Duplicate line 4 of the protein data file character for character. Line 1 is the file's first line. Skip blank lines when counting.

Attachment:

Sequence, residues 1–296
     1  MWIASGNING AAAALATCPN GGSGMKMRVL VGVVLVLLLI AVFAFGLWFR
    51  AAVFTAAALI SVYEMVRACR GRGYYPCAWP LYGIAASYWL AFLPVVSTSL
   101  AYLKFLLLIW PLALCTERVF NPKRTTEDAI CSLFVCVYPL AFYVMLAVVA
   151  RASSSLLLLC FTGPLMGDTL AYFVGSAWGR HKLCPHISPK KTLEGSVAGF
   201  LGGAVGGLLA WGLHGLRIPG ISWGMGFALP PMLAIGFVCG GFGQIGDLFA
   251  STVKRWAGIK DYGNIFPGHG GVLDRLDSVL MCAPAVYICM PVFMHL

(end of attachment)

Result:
   101  AYLKFLLLIW PLALCTERVF NPKRTTEDAI CSLFVCVYPL AFYVMLAVVA